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US Foreign Policy Middle East and Afghanistan

Under the new Trump Administration, we seem to see a popular rise against the banning of Muslims from the United States. What does that mean? Does it mean the average American is starting to have a moralizing opinion about the world’s Muslim population? Maybe. Muslims, particularly in the Middle East and North Africa, have been the largest victims of draconian US foreign policy under the past two administrations, namely, Bush and Obama. The US foreign policy has killed thousands of innocent Muslims and yet much of this has gone on with very little objection from large populous movements.

Among the many examples are the bombings in Afghanistan with a history of hitting civilian targets and perpetuating a misunderstood war. The war, with no end in sight, continually breaks records for civilian deaths every year, with 2016 being the highest year on record. High casualties come from an inability to find peace and significant casualties from a declining security situation. There are also increased numbers of insurgents according to government documents showing the number the number of people in the Taliban has gone up significantly since the US invasion in 2001. The media paints a false narrative of Afghanistan, as Obama doubled down on a failed strategy when he deployed 30,000 additional troops to Afghanistan and still couldn’t defeat the Taliban. Now they are stronger than anytime before the invasion and the country is more unstable than ever. Additionally, Obama switched to a Drone war that seems to bring back less dead American soldiers but still ineffective at winning the war.  You can’t bomb yourself out of the situation and diplomacy is only way out.

Libya, where the US is increasingly committing forces after it led the campaign to overthrow Gaddafi in 2011 and is followed by increasing instability, has also been an area of particular gruesome casualties. Libya is known for the situation of Benghazi where a US raid killed a tribal leader by accident leading to an attack on the US Embassy where Ambassador J. Christopher Stevens was killed. Libya is becoming a failed state after US intervention and continues to fall victim to insurgents leaving the country ungovernable.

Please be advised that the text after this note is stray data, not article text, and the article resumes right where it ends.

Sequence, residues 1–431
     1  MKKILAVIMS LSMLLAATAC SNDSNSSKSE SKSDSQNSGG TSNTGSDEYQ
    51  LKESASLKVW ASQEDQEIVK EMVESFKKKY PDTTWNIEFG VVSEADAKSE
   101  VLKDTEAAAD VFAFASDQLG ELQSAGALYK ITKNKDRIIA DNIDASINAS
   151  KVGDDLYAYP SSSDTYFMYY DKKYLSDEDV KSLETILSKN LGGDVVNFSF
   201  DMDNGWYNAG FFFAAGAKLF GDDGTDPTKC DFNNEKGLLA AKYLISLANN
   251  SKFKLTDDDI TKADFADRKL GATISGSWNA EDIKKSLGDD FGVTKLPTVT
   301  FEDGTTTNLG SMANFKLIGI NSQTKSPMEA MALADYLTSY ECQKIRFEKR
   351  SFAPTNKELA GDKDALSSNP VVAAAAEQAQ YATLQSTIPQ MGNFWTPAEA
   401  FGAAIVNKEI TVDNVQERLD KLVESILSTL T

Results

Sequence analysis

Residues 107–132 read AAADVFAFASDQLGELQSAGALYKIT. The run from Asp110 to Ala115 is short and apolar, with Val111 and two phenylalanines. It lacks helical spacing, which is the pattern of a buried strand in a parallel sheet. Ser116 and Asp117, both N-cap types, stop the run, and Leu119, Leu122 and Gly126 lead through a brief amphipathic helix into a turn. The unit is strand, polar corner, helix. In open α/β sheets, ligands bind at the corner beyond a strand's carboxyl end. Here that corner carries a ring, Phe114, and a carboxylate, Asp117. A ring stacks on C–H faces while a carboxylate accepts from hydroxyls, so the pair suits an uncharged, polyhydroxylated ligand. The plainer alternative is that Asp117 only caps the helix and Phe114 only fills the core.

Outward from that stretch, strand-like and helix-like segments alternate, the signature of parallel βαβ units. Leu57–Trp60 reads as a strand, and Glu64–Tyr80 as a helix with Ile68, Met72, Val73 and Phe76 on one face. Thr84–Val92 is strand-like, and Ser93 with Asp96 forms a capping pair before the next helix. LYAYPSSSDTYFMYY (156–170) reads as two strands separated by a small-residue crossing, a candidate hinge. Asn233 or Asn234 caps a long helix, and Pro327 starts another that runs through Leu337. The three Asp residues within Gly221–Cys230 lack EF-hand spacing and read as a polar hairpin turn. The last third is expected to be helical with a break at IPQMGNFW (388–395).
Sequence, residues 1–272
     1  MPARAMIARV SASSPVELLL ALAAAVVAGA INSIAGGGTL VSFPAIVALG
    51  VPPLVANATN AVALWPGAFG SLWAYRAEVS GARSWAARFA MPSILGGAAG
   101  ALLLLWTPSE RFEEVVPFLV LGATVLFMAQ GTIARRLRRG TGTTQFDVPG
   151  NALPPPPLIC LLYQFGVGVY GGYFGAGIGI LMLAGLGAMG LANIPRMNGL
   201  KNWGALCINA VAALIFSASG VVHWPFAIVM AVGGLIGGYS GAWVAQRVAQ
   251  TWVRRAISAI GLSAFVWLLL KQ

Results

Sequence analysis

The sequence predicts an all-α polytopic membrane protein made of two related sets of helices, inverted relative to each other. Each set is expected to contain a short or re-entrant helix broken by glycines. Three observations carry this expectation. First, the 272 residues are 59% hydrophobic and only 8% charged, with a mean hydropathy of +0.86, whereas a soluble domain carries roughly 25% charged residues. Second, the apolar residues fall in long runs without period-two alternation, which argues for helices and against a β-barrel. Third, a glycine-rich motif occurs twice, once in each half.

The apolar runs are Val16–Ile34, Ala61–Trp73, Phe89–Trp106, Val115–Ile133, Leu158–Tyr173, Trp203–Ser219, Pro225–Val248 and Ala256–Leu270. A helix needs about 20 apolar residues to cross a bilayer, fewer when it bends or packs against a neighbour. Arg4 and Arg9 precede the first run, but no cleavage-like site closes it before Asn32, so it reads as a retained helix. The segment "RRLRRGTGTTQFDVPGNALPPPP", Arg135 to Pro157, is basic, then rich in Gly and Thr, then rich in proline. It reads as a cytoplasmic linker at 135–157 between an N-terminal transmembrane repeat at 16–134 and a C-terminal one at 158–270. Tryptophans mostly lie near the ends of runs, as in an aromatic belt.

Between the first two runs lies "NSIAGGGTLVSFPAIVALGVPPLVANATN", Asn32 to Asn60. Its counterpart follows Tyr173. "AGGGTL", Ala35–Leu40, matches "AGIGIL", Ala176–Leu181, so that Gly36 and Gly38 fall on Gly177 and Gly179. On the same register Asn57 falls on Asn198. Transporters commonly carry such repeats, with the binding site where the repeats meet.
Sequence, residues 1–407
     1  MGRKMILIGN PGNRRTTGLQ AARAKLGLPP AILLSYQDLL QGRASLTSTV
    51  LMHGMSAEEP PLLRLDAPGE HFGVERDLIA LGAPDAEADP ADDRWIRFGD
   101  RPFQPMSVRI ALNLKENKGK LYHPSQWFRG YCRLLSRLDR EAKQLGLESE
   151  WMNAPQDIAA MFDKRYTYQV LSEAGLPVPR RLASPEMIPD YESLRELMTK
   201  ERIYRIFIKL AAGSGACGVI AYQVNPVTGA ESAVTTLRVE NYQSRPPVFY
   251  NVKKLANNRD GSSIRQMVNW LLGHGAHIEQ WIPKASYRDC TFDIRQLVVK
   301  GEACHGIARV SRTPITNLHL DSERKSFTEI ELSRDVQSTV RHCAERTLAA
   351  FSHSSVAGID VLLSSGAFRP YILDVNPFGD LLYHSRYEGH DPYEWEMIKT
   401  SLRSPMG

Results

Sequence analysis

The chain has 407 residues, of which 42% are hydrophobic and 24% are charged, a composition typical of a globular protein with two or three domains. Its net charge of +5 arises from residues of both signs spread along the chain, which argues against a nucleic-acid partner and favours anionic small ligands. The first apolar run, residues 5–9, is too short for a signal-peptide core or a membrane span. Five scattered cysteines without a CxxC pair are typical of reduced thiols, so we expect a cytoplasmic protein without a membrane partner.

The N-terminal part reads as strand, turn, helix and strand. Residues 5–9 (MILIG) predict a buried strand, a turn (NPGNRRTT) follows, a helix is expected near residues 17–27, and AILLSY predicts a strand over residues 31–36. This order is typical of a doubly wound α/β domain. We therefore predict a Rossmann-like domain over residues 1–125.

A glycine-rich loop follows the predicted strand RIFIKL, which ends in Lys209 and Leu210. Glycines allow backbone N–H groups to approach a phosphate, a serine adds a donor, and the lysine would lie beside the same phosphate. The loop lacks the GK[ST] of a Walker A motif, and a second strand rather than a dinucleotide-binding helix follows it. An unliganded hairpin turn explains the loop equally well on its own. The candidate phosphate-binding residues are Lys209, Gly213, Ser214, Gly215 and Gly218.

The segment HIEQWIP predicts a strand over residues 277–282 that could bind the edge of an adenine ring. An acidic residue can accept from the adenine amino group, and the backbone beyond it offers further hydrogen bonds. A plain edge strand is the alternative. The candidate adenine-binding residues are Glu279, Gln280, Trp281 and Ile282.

Lastly, the battle for Yemen is another example of a flawed and destructive US foreign policy. Yemen has witnessed US drone strikes over the past decades in order to take out suspected Al-Qaeda operatives. Obama cited Yemen as an area of victory in the “War on Terror”. In reality, the US policy in Yemen contributed to the development of a civil war in which the Saudis are now backing Al-Qaeda groups against the Houthis and other Shi’a rebels (look up the 1962-70 Yemen Civil War for better insight into conflict). Today we see increasing US support for the Saudi-led intervention that is targeting agricultural production in what is being accused of “genocide”. Yemen is at risk of mass starvation from the US and Saudi-led intervention. With an estimated population of 25 million on the brink. Yemen is predicted to have nearly 58% of its population suffer from food insecurity. In December 2016, the U.N. stated Yemen may be facing an impending famine. Many news organization leave out these facts and underplay the Western role in conflicts.

Will the average person’s position on US military intervention shift with the number of people standing against the immigration ban currently seen at places like JFK airport? Or, will it be another blob in the history books?

Picture of Yemen, from UN

Marco Palladino
Senior Completing Under Graduate in Political Science Minor in Sustainability at MU Competition is for the Weak. Jobs are for the sick. Hammers, Nails, One Tool, One Solution. Homo Homini Lupus.


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